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Let’s see how we can model some regularly used SQL queries using map reduce.

  • select … from … where …
Take following example
select f1, f2 from relation where f1 > 500

For this example let’s assume a suitable InputFormat (in case of Hadoop) does the reading from the database and emit key value pairs in the form (k, rec) where k is primary key and rec is the entire record. Pseudo code using map reduce is given below.

map (k, rec)  {
   if (rec.f1 > 500) {
      rec1 = <rec.f1, rec.f2>
      collect (k , rec1)
   }
}

As can be seen this is implemented using a map function. Output will be emitted only if predicate is satisfied.

  • select aggregate_func() from … where … groupby …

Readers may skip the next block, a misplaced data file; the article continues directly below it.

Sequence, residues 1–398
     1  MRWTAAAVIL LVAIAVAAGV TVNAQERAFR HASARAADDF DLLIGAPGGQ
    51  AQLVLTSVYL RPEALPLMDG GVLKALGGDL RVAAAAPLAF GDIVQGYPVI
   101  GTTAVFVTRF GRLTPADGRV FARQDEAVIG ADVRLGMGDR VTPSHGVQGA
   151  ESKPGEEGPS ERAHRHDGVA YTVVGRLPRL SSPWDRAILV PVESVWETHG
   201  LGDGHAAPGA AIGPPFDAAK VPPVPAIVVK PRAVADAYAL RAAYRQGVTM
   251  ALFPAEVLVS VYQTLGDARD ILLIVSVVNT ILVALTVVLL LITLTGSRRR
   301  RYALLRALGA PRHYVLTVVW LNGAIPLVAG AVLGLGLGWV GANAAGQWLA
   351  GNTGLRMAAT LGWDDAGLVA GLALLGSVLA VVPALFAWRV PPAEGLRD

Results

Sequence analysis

Let’s take the following example.
select f3, sum(f1), avg(f2) from relation where f1 > 500 groupby f3
The pseudo-code below describes how this is achieved using map reduce.
map (k, rec)  {
   if (rec.f1 > 500) {
      rec1 = <rec.f1, rec.f2, rec.f3>
      collect (rec.f3 , rec1)
   }
}
reduce(v, list<rec1>) {
   sum := 0
   avg := 0
   for each rec1 in list {
      sum += rec1.f1
      avg += rec1.f2
   }
   avg := avg / size(list)
   rec2 = <rec1.f3, sum, avg>
   store (v, rec2)
}

Here each v that reduce gets corresponds to a unique value in rec1.f3 field. Group by is implicitly done using the shuffling phase between map and reduce functions.

  • select aggregate_func() from … where … groupby … having …

Here additional having clause is used to filter out grouped results. Let’s take an extended version of earlier example.

select f3, sum(f1), avg(f2) from relation where f1 > 500 groupby f3 having avg(f2) > 50

No change is required in the map function. The modified reduce function is as below.

reduce(v, list<rec1>) {
   sum := 0
   avg := 0
   for each rec1 in list {
      sum += rec1.f1
      avg += rec1.f2
   }
   avg := avg / size(list)
   rec2 = <rec1.f3, sum, avg>
   if (avg > 50) {
      store (v, rec2)
   }
}

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